[edit] Useful resources

Highways England produces standards and documentation relating to the design, construction and maintenance of highways. Documents are available free online, including:

The Design Manual for Roads and Bridges (DMRB) contains information about current standards, advice notes and other published documents relating to the design, assessment and operation of trunk roads, including motorways. The DMRB has been prepared for trunk roads and motorways.

The Manual of Contract Documents for Highway Works contains the primary documents required for the preparation of contracts for trunk road works. It consists of several parts, including the administrative procedures for its use, the specification for highway works and the corresponding method measurements.

Interim Advice Notes (IANs) issued by Highways England contain specific guidance, which should only be used in connection with works on motorways and trunk roads in England, subject to any specific implementation instructions contained within an IAN. IANs are not part of the DMRB and the MCHW but must be read in conjunction. They may incorporate amendments or additions to documents in these manuals.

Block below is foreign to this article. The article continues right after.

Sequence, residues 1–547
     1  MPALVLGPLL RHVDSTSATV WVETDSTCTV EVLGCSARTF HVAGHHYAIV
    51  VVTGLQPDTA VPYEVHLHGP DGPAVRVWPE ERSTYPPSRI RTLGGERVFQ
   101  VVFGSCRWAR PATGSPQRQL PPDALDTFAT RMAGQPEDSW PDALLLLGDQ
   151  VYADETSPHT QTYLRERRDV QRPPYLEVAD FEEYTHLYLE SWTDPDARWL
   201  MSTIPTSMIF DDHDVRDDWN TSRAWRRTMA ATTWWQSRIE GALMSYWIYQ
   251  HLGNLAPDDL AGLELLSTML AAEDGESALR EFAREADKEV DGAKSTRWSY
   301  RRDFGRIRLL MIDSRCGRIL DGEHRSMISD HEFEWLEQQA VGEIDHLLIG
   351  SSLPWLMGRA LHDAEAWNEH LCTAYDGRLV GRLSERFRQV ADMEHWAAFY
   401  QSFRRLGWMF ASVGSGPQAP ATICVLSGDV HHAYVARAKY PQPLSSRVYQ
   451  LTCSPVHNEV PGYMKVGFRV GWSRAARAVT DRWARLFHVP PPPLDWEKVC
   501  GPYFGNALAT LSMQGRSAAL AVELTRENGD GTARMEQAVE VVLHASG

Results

Eurocodes - As a public body, Highways England expresses its requirements for the design and modification of existing structures (including geotechnical works) in terms of Eurocodes. Highways England’s technical experts were involved in the drafting of the Eurocodes and the National Annexes.

The Network Management Manual (NMM) provides mandatory requirements, guidance and advice for the management of maintenance of the trunk road network.

The performance requirements for routine and winter service activities on the trunk road network are included in the Routine and Winter Service Code.

The Traffic Management and Maintenance Manual, published in January 2013, sets out requirements for the management and maintenance of traffic technology systems.

Further information related to standards for highways is also available on the Standards for Highways online resource webpage.


This article originally appeared as The road development process: An overview, published by the Institution of Civil Engineers on 30 March 2016. It was written by Adam Kirkup.

--The Institution of Civil Engineers